Just to let you know, I am a mechanic working for an International truck dealership. We service many Ford diesels ranging from the 6.9 & 7.3 IDIs, and the Powerstrokes.
Between my father and I, we have put nearly 400k on an '84 F250 with a 6.9L IDI. It has never had an internal engine failure, the only problems that we have ever had with the engine has been injection pump failures. We have replaced it 4 times so far. We have worked it hard since the day my dad bought it new. Bullet proof motor.
I also have a '90 F250 7.3L IDI that I bought used. It did not have the best of care before I acquired it. After replacing a couple of badly worn valve rockers, rebuilding the E4, and repairing the badly neglected brakes, it has been a rock solid vehicle for over a decade.
As for my experiences at work, they are generally positive.
Until very recently, there was a public school district in the area that still ran a fleet of International school buses with 7.3L IDI's. Very good track record for the engines, the rest of the buses were falling apart though.
The one major cause of engine failures of the 6.9/7.3 IDI's made before 1990 is engine oil contaminated with coolant. The usual cause is due to the intake manifold/valley pan gasket corroding from corrosive enzymes building up in the coolant. This also causes serious pitting in the block and heads and will cause major problems if left uncorrected.
Coolant enzyme/corrosion is a problem for pretty much any diesel engine and is easily and cheaply monitored and controlled.
The problem with the pre '90 models' intake manifold/valley pan gasket is that, even though coolant does not circulate through the intake manifold, as with gasoline V8's, there is still a water jacket port in the heads between each intake port. If the enzymes in the coolant are left unchecked, over time they will corrode the tin in the intake manifold/valley pan gasket and will seep water internally. In '90 thru early '94 7.3L IDIs, this port is sealed off with a small freeze plug and is not a problem.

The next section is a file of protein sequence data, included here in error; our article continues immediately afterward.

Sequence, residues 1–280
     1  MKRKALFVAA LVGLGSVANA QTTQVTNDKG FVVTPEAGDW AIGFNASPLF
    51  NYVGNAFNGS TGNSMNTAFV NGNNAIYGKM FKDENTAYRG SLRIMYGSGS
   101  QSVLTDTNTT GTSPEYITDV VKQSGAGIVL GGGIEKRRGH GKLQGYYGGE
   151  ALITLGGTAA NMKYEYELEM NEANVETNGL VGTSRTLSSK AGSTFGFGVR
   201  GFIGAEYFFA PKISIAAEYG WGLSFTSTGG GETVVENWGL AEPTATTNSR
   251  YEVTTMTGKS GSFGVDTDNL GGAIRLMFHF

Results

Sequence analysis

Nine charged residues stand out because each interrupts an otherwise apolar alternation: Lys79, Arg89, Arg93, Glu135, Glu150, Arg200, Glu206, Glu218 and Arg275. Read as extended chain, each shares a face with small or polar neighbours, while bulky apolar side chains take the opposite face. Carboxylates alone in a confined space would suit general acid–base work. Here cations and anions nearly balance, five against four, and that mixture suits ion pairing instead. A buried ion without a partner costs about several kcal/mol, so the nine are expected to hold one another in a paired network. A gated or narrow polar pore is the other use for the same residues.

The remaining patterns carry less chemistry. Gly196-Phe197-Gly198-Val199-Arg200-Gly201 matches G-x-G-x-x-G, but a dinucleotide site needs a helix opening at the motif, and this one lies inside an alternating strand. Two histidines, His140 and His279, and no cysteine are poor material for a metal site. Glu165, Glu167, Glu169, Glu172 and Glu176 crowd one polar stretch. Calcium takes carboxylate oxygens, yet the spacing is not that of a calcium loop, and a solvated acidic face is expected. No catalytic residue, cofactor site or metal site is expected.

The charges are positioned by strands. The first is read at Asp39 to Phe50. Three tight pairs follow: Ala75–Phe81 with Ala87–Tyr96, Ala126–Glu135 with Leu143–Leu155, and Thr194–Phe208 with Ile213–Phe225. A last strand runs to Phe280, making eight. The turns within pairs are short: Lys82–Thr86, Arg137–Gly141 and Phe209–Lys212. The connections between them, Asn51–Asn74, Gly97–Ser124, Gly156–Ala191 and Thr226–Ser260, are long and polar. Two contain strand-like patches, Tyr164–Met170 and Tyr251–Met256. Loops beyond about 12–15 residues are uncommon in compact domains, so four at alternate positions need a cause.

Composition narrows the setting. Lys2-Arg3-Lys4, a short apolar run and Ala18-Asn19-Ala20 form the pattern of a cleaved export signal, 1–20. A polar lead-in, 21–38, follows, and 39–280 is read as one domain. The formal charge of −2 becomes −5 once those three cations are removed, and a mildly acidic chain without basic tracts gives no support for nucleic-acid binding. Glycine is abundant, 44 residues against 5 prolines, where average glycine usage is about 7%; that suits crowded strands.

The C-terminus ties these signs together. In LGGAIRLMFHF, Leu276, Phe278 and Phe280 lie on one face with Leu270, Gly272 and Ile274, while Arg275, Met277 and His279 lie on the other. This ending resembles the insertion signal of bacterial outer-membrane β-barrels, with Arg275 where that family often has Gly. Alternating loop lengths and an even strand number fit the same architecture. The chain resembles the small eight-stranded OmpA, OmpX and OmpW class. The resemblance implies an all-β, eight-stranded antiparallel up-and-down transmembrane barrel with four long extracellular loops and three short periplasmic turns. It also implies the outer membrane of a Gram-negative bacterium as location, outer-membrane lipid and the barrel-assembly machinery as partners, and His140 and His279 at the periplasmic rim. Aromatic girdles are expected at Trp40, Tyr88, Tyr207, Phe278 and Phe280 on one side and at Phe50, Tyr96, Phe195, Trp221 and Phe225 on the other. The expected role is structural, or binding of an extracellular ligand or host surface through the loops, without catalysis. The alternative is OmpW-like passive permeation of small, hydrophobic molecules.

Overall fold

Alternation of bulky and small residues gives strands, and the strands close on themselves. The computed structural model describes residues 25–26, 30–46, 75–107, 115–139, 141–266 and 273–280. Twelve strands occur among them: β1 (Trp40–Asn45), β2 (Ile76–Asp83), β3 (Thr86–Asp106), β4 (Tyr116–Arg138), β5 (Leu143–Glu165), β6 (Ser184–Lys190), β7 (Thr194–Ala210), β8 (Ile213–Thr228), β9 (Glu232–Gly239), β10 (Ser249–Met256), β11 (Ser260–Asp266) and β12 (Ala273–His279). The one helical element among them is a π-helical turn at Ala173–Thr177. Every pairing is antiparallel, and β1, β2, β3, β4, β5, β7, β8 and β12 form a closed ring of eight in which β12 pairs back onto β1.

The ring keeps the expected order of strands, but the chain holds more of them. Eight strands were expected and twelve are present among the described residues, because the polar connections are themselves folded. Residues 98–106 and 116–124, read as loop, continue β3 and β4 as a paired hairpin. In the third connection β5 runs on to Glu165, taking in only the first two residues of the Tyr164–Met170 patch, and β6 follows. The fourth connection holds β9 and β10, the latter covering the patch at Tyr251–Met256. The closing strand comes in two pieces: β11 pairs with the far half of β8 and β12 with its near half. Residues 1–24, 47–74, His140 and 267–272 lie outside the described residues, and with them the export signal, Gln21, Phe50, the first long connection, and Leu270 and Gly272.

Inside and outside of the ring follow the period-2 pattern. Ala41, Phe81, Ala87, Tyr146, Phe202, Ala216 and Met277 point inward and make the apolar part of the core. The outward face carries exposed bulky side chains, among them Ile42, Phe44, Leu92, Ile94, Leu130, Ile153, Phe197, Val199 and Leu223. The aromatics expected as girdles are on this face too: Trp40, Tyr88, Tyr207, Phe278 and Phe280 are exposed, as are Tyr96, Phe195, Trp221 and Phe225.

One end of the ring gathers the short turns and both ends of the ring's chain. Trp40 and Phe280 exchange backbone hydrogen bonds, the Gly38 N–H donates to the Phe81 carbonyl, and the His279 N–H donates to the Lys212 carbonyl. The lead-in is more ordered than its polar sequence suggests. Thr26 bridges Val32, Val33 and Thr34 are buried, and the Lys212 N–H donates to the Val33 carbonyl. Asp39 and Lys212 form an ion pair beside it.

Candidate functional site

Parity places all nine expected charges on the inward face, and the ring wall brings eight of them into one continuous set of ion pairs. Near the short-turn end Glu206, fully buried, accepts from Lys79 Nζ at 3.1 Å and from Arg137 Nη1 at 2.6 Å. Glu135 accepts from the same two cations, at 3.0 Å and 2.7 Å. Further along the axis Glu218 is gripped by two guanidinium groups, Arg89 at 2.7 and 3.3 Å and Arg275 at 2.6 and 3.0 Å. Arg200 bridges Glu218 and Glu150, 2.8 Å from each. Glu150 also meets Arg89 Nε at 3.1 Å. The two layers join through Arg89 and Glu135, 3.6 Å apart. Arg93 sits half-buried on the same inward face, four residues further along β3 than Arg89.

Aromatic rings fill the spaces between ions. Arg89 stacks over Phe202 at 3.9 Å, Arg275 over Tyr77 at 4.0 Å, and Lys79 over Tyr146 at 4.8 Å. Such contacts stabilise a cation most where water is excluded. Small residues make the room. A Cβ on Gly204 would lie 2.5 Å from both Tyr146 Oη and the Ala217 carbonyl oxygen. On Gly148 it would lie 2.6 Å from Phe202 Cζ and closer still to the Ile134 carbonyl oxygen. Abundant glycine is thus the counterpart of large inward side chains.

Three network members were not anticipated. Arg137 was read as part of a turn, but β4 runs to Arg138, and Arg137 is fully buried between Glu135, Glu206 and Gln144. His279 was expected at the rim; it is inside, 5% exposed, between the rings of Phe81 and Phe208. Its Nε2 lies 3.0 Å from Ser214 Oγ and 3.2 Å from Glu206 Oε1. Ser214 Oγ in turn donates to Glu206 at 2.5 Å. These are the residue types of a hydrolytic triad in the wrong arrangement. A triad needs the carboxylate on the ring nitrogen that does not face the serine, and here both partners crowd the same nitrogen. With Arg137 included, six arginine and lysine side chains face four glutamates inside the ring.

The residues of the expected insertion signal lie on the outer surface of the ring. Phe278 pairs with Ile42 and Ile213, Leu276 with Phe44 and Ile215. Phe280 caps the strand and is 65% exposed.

Also, never get one hot. They do not take heat well!
As for the 7.3L PS engines, there are 2 variations. The early models have two injector harness "pass-thru" connectors in each valve cover. On these particular engines, they are notorious for the glow plug wires to come into contact with the valve push rods, which will then rub through the insulation. Then, when the glow plugs cycle, there will be a direct short to ground, which will almost always melt the pass-thru connector, shorting out the injector power circuits. When this happens, the injector driver detects the short and cuts power to that bank. Cylinders 1, 3, 5, and 7 (right bank), or 2, 4, 6, and 8 (left bank), will all be dead.
The second variation only has one injector pass through connector in each valve cover and the above mentioned problem was remedied.
Another common failure plaguing both variations of the 7.3 PS (and most other International diesels, for that matter) is the cam position sensors. While they don't fail at an alarming rate, they are most often the cause of a "no-start" or intermittent engine stumble/stall. It was so much of a problem, that International redesigned the sensor. The new one looks totally different than the factory original, the Ford replacement, and aftermarket sensors, and is considerably cheaper than any of the others.
Overall, these are very durable and dependable engines. The IDI models are far cheaper to maintain, however.
Greetings, nice site.